April 23, 2013

Editorial: Appreciating acts of kindness


---- — Every once in awhile we get a Speakout entry that really sets people off.

If you don’t already know, Speakout is an anonymous discussion forum offered by the Press-Republican. Extremely well-read, it runs in the paper and is posted online.

A recent entry raised the ire of many people. The person wrote: “The driver ahead of me paid for my coffee order at Dunkin’ the other day. If you wish to do a good deed, give to a legitimate and needy charity. I made $140,000 last year. Thanks anyway.”

That reaction did not sit well with readers. It brought a flurry of online comments. So we posted it on Facebook, to give those readers a chance to weigh in. Within 20 minutes, it received more than 100 responses. We thought we would share a few:

Amber St John: “It’s called a Random Act of Kindness or Paying It Forward, not ‘Hey...I think that person behind me has no money so I’m gonna buy their coffee.’ People like this just don’t get it ...”

William Stanley: “It amazes me that someone so boneheaded stupid makes that much.”

Melanie Spofford-Uihlein: “When my son was about 3, he received the same Christmas gift from two different people. When he opened up the second one, he rudely put it down and mumbled that he already has one of these. I was so upset at his rudeness. I immediately pulled him aside and explained to him how to accept a gift graciously, regardless of what it is...”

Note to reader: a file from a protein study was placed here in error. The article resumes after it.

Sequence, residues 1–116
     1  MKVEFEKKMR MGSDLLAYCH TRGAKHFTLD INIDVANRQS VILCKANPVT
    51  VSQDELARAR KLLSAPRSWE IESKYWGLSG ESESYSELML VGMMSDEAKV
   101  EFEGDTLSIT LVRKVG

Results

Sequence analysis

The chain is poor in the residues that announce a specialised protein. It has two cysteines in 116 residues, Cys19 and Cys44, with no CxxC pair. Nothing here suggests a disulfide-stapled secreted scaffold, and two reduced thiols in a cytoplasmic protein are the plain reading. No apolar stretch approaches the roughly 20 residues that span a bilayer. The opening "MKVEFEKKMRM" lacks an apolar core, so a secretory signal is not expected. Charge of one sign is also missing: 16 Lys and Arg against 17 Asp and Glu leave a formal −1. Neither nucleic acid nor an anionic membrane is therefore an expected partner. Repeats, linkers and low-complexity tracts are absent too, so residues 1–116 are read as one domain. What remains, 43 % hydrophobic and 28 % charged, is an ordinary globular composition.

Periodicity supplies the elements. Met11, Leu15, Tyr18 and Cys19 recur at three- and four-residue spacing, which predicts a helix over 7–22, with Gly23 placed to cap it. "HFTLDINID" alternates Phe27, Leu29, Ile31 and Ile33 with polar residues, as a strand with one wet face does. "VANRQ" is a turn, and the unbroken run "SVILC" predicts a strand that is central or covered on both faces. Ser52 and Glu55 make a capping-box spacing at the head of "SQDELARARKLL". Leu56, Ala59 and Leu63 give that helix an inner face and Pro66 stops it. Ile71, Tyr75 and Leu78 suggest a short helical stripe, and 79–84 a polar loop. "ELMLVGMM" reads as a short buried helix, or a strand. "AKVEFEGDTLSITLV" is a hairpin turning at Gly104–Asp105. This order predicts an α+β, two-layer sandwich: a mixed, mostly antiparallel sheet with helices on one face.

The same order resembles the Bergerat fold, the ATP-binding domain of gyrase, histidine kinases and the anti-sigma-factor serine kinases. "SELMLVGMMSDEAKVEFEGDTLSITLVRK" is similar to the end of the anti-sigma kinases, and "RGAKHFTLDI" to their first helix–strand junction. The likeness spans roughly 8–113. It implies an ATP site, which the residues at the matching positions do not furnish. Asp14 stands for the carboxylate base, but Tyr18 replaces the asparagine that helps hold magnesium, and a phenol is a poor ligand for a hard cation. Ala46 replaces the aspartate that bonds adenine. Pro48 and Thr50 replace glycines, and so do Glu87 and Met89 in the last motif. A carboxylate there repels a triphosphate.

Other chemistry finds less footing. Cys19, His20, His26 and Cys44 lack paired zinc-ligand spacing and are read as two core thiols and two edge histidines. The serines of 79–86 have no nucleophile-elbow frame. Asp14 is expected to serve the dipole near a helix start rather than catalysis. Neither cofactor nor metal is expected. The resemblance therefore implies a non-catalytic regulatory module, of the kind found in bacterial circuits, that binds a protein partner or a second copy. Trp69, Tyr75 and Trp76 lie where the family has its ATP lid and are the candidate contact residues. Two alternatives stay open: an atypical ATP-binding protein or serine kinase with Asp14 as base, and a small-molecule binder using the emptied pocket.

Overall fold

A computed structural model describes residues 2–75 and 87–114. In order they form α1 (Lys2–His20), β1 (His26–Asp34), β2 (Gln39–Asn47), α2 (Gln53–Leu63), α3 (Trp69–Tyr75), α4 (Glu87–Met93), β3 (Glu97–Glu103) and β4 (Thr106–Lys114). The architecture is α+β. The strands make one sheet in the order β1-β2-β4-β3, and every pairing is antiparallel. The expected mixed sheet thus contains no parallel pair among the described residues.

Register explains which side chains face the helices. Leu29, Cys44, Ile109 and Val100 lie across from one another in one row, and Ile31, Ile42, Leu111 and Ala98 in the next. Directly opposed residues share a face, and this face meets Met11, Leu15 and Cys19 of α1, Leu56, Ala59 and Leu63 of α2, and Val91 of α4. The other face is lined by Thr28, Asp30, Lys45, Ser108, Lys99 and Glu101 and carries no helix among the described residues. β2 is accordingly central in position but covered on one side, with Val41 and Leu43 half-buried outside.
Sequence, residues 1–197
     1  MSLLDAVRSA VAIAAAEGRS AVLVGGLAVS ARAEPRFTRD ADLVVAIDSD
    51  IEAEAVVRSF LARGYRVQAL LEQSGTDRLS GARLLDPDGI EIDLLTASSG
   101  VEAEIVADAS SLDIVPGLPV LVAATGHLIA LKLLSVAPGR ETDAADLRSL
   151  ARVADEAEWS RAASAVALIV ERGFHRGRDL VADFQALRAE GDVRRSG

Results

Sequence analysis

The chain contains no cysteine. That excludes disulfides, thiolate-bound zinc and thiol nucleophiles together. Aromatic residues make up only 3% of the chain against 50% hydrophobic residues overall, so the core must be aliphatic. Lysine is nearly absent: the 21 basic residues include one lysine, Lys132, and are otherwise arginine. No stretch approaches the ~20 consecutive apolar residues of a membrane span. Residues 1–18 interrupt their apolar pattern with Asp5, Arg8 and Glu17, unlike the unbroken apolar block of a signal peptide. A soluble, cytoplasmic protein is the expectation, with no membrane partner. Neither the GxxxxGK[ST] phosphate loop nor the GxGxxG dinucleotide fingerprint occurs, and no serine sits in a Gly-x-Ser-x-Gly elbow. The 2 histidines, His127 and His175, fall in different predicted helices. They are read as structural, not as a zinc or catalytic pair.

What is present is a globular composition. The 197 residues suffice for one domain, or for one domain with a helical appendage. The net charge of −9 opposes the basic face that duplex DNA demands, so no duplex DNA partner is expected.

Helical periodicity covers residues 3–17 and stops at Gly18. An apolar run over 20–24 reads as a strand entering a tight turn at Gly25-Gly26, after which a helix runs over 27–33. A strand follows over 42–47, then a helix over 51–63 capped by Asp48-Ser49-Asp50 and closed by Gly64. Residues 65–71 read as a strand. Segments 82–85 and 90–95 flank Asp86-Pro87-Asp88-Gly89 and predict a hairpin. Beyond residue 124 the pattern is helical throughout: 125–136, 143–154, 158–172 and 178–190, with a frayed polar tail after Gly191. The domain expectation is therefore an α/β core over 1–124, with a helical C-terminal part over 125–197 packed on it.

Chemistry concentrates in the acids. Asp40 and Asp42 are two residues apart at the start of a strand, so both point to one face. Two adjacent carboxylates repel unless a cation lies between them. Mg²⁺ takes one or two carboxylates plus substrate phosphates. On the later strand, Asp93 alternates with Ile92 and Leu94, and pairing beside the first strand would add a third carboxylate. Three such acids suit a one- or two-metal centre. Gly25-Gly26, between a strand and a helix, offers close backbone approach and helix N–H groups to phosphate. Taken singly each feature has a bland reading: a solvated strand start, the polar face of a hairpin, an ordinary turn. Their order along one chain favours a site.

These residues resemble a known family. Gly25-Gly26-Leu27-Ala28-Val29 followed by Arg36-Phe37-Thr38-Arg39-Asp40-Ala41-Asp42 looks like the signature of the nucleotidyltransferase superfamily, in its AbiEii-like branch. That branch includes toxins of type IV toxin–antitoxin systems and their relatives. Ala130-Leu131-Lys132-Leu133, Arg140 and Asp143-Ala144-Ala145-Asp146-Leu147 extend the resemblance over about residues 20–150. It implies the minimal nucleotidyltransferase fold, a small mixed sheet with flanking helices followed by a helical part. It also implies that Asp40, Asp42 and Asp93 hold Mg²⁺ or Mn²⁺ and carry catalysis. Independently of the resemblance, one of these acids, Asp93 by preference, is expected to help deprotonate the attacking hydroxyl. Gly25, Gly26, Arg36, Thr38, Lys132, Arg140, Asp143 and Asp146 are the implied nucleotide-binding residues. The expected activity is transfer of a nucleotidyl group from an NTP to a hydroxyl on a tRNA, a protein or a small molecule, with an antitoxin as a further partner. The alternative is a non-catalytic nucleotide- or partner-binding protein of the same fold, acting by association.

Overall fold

Vicki Moore: “Perhaps he should do a letter to the editor and sign his name. See how that rolls for him.”

Deborah E. Drake: “I believe the individual might have missed the point and, unfortunately, the blessing.”

Melody Bushey: “I was taught from the very beginning of my life that if someone gives you a gift you should be thankful for it. It doesn’t matter if it’s a picture drawn by a two-year-old, a macaroni necklace made by a seven-year-old, the ‘ugly sweater’ knitted by someone, or if it’s diamonds or gold. Price doesn’t matter. What matters is that someone cared enough to show a kind gesture to you. That is priceless and something to be grateful for.”

Andrew Pulrang: “I agree with the point that I think the person was trying to make. Personal charity is a nice thing and makes people happy, but more thought-out, selective charity can actually make real, lasting improvements in people’s lives. That said, why can’t you do both? Do the occasional random act of kindness AND give thoughtfully to an organized charity or program you agree with. Also, I wonder if the Speakout comment reads as more blunt than the person actually intended to be. It’s hard to make yourself clear in just a couple of sentences.”

Heather Strickland Hanson: “This just further reinforces my lack of faith in humanity. When one person can not perform a kind gesture without being criticized for it, what does this say about our society? And what are we teaching our children if we are not teaching them to be grateful for the little things in life?”

Tarah Beymer D’Elia: “It is just as important to accept kindness graciously as it is to offer it with grace.”